Audi Quattro (1981-1987) - first four-wheel-drive rally car
In the history of the World Rally Championship, there have been a number of cars that have marked a specific period of competition, and Audi Quattro certainly deserves a place among them. For a lot of people, this car is synonymous with the ‘golden era’ of Group B cars. Even if you do not belong to that category, there is one standard that the car undeniably set – the Audi Quattro was the first rally car ever in WRC with a permanent four-wheel-drive.
Starting with a victorious debut in the 1981 WRC season
Back in 1979, the FISA legalized all-wheel-drive for rallying, but most manufacturers believed it was a too complex solution and that cars would be too heavy. Audi’s engineers were busy preparing the road version of the first Audi Quattro and they decided to produce a 4WD rally car. The Audi Quattro was presented at the Geneva Motor Show in March 1980, and the racing version had a competitive debut driving at the 1980 Janner Rallye in Austria.
It was largely based on the body shell of the road-going Quattro models and the engine of the original competition version which produced approximately 300 bhp. The original engine was the 2,144 cc inline-5-cylinder 10 valve SOHC, with a turbocharger and an intercooler. It produced 200 hp and torque of 285 Nm, propelling the road-version Quattro from 0 to 100 km/h in 7.1s and reaching the top speed of over 220 km/h. The engine was eventually modified to a 2,226 cc inline-5 10 valve. Later in 1989, it was alternated to a 2,226 cc inline-5 20v DOHC setup, producing 220 hp.
In 1981, Audi Quattro debuted in the World Rally Championship with immediate success. Hannu Mikkola won two rallies (Sweden and Great Britain) and achieved one more podium (Finland), while Michele Mouton won Rallye Sanremo and became the first and only woman to win the world rally.
Audi became the 1982 manufacturers’ world champion
In 1982, Audi won seven rallies and became the manufacturers’ world champion. In the drivers’ standings, Mouton was 2nd, Mikkola 3rd, and Stig Blomqvist 4th. This was the first year of the new Group B regulations, so Audi introduced the A1 evolution of Quattro, raising the power from turbocharged inline 5-cylinder engine to around 350 hp.
The next evolution A2 was introduced during the 1983 season. Combining the A1 and A2 versions, Audi’s drivers had won five WRC races in the 1983 season and Hannu Mikkola became the world champion. The team was 2nd in the classification behind Martini Lancia.
Double world title in the 1984 season
The 1984 season was the most successful for Audi, with Stig Blomqvist becoming the world champion and winning the second world title for the team that now consisted of the new entrant to the team, Walter Röhrl, together with ‘old’ drivers Mikkola and Mouton. They had two winning cars that season: the first was an old Audi Quattro A2 (winning six rallies) and the other was the newly-introduced shortened Audi Sport Quattro S1.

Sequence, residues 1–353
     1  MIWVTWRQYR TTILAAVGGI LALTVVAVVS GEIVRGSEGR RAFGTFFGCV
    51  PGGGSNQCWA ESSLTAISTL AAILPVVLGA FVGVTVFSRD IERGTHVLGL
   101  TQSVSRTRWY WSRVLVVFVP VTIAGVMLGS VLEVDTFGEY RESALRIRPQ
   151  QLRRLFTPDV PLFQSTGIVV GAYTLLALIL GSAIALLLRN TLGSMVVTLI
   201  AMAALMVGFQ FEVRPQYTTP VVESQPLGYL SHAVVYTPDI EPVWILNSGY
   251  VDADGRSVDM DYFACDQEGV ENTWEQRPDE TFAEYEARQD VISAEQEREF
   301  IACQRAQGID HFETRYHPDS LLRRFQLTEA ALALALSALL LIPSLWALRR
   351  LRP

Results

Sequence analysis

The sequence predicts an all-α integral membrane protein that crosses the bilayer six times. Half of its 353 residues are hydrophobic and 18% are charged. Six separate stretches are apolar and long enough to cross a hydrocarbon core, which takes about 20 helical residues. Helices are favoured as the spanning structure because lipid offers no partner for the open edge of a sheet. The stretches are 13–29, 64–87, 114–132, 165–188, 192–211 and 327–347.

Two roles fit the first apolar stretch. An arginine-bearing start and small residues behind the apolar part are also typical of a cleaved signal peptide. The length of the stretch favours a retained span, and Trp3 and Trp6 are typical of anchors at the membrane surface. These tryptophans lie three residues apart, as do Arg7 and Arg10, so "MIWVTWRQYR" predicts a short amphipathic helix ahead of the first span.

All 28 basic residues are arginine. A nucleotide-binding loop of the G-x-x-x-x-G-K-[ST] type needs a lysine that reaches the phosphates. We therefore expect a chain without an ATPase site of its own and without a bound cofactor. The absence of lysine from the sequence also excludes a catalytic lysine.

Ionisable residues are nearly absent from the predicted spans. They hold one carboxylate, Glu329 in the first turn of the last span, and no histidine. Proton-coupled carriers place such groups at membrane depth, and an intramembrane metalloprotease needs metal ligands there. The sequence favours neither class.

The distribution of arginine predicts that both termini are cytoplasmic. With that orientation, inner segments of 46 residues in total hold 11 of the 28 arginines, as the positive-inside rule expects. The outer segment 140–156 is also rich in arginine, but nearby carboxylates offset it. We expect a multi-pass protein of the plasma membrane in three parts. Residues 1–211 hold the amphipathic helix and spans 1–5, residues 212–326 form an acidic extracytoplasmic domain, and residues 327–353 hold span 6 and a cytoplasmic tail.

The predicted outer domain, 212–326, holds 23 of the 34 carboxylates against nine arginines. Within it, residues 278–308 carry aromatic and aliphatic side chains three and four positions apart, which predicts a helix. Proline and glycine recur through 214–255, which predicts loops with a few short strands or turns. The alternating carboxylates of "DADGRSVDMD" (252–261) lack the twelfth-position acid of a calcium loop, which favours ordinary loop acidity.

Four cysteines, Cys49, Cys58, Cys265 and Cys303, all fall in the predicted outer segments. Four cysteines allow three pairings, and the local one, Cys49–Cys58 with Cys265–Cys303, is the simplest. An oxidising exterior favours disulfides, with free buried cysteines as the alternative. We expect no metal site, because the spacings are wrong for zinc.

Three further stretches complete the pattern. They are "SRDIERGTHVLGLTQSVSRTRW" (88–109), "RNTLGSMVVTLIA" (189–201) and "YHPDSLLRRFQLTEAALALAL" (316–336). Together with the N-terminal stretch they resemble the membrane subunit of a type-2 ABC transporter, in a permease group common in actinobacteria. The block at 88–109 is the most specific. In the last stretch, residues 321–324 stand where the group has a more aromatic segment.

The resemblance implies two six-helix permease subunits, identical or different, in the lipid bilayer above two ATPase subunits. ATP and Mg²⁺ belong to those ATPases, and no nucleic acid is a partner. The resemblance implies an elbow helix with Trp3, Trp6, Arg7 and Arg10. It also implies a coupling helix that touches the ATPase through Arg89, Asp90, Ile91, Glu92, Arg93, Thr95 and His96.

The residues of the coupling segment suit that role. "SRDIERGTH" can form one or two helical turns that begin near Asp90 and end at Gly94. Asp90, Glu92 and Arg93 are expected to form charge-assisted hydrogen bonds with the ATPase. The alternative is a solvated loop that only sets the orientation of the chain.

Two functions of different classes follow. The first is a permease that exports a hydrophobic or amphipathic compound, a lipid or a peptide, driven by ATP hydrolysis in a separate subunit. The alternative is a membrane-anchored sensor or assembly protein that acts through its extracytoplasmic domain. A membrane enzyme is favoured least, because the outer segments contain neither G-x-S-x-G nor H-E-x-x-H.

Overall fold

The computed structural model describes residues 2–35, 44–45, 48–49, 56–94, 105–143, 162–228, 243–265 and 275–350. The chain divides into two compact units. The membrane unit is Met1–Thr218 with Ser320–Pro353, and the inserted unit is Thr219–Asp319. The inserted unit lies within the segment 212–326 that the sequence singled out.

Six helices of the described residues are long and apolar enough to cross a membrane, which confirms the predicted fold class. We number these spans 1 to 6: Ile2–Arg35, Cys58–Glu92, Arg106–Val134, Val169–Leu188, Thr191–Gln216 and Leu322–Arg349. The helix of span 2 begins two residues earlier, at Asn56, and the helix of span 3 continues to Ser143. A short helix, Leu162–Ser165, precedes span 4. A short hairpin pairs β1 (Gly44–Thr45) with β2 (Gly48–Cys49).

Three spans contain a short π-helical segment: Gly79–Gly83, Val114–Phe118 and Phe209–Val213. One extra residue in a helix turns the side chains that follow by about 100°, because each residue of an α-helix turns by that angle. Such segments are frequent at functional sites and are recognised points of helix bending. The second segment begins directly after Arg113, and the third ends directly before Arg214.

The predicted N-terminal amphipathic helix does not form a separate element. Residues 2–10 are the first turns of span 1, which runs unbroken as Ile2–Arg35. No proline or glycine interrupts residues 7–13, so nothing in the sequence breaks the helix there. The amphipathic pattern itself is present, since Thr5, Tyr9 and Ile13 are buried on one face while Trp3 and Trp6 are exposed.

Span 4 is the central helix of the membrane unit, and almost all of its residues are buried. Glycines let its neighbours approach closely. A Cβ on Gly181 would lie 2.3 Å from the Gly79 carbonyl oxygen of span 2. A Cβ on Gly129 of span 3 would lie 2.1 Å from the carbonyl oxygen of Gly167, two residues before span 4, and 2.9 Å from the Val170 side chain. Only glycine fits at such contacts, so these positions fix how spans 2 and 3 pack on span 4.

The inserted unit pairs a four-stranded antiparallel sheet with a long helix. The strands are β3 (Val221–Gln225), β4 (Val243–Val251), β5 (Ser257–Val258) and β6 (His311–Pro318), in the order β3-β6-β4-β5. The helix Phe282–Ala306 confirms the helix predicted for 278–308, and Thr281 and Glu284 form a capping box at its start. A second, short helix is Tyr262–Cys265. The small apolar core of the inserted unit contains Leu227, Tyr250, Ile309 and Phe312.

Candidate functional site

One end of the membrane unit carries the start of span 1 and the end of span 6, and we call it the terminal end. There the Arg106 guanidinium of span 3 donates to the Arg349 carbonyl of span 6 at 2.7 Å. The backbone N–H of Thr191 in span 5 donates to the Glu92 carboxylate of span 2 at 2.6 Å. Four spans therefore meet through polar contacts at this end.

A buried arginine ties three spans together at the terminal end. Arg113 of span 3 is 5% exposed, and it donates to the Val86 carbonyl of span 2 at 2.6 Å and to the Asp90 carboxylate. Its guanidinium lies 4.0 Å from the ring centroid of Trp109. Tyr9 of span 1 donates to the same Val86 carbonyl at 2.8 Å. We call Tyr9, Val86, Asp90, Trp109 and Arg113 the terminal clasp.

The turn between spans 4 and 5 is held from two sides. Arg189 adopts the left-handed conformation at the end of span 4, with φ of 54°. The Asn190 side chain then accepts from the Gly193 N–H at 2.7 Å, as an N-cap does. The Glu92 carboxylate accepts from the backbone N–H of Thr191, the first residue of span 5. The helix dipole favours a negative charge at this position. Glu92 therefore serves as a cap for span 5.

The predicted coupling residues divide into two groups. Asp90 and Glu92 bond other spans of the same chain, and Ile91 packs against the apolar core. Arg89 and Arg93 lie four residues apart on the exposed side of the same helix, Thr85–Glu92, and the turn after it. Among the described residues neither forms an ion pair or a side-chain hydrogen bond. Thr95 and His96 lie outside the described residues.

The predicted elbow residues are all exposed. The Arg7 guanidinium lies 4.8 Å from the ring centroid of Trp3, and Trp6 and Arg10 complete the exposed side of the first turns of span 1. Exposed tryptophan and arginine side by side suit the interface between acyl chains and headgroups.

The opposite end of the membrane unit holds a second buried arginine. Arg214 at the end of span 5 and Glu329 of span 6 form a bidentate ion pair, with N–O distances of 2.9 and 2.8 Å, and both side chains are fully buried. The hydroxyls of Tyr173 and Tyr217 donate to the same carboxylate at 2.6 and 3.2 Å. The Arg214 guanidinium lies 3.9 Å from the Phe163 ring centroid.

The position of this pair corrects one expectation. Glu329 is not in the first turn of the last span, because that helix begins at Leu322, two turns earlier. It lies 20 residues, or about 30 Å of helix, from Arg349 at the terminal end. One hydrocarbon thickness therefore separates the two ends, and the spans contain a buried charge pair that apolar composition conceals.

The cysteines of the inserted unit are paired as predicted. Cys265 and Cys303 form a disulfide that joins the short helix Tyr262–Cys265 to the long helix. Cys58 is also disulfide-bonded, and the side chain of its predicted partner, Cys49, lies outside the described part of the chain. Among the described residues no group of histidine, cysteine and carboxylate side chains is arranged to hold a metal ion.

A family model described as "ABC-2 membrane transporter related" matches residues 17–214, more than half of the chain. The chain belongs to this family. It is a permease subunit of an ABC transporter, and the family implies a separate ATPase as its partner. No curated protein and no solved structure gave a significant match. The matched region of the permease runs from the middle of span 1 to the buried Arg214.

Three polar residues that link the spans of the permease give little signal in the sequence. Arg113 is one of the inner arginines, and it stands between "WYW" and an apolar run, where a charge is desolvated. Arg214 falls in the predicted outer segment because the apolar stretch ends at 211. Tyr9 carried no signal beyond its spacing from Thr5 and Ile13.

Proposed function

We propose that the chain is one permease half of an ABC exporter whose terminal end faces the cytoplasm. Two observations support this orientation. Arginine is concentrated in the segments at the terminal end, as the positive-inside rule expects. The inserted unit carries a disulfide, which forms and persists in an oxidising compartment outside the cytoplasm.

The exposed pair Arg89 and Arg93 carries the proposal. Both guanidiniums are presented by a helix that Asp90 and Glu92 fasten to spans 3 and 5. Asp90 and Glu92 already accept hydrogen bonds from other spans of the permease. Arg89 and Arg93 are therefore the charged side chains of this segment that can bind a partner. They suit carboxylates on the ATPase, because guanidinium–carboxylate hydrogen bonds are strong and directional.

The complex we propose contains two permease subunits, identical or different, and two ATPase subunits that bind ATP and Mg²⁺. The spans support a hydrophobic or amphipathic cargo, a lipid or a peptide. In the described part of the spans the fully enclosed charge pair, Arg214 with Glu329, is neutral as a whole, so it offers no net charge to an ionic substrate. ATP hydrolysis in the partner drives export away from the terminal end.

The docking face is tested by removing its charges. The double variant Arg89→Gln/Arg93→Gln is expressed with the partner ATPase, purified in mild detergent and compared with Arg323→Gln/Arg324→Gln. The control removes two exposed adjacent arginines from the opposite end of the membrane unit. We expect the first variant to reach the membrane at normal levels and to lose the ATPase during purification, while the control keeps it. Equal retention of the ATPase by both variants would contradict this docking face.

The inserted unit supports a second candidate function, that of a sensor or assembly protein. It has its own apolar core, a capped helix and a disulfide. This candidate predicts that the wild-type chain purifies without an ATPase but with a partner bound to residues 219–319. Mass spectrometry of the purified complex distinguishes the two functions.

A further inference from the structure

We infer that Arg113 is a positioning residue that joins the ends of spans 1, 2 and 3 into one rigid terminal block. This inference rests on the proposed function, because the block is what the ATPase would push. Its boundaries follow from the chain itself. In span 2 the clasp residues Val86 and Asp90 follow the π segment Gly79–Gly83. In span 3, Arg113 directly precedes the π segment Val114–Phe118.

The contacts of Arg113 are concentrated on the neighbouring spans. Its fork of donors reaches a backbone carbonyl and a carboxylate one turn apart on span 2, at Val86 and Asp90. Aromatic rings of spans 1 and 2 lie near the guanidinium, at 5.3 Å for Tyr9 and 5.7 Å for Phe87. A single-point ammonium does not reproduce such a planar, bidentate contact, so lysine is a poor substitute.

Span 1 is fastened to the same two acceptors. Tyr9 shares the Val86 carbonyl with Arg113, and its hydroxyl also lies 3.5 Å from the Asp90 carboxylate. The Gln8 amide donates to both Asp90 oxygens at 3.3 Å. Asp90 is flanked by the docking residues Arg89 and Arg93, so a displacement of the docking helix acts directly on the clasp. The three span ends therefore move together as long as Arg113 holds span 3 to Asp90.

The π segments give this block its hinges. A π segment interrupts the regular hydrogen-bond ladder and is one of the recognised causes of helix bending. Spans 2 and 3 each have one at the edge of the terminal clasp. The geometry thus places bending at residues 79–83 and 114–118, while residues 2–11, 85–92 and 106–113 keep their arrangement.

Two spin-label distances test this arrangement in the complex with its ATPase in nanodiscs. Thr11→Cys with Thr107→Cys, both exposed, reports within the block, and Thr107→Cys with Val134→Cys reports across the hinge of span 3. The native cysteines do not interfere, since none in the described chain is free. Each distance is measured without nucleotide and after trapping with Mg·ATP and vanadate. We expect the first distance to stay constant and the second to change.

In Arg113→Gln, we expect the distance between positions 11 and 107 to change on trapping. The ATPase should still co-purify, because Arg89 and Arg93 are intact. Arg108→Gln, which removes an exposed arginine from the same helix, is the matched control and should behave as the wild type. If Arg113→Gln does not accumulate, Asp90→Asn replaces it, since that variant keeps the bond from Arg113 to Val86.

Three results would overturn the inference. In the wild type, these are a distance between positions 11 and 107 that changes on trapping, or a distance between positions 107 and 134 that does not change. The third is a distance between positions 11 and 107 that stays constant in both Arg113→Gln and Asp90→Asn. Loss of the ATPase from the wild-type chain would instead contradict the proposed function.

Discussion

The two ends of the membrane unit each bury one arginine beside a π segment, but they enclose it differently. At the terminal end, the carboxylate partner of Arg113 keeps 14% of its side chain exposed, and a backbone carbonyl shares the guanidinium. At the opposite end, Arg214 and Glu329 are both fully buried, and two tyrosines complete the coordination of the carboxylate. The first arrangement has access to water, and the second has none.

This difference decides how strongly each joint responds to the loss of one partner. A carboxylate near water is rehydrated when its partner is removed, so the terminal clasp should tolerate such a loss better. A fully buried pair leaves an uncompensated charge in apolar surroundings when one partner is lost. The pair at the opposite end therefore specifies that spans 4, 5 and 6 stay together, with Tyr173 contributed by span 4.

It featured an all-aluminium alloy and a 2,133 cc 20v DOHC engine slightly smaller than that of the Audi Quattro (in order to qualify for the 3-liter engine class after the scale factor applied to turbo engines). In the road-going version, the engine was capable of producing about 305 bhp, with the competition cars initially producing around 450 bhp.
In the 1985 season, Peugeot took over the domination with 205 T16, and Audi ended up winning only one WRC race (Walter Röhrl, Sanremo). The team finished second in the championship.
S1 version of Audi Sport Quattro had around 600 hp
At the end of 1985, the Audi Sport Quattro S1 E2 was introduced as an upgrade of the Audi Sport Quattro. The car featured an inline 5-cylinder engine that displaced 2,110 cc and produced an officially quoted figure of 350 kW (476 hp). The actual power figure of that monster was in excess of 500 bhp.
In addition to the improved power output, an aggressive aerodynamic kit was added which featured very distinctive wings and spoilers to the front and rear of the car to increase downforce. The weight was reduced to 1,090 kg and the S1 could accelerate from 0-100 km/h in 3.1 seconds. Some of the cars were supplied with a “power-shift gearbox”, a forerunner of the DSG technology.
Ahead of the curve at the famous Pikes Peak
The S1 E2 would become the final car produced by Audi for the Group B. The final factory machines of 1986 were rated at about 600 bhp. After the tragic 1986 Rally Portugal, when Henri Toivonen and his co-driver Sergio Cresto died, the works team withdrew from the championship.
Group B cars were banned and replaced with Group A in 1987. Audi introduced 200 Quattro, with which the team achieved 2nd place in championship. In addition to the WRC competition, Audi Quattro won the Pikes Peak International Hillclimb three times in a row: Michele Mouton in 1985, Bobby Unser in 1986, and Walter Röhrl in 1987.
The best cars are never truly outdated
Thirty years after the Group B era, we can conclude that Audi Quattro, in all its versions, left an indelible mark on the history of rally driving, with 23 WRC victories, 2 manufacturer and 2 driver titles.
Audi paid tribute to that car using the badge ‘quattro’ for all its vehicles with permanent four-wheel-drive (continued even today), so we can safely say that the Ur-Quattro (Ur standing for original in German language) is still very much alive, even today.
Video : Tribute to Audi Sport quattro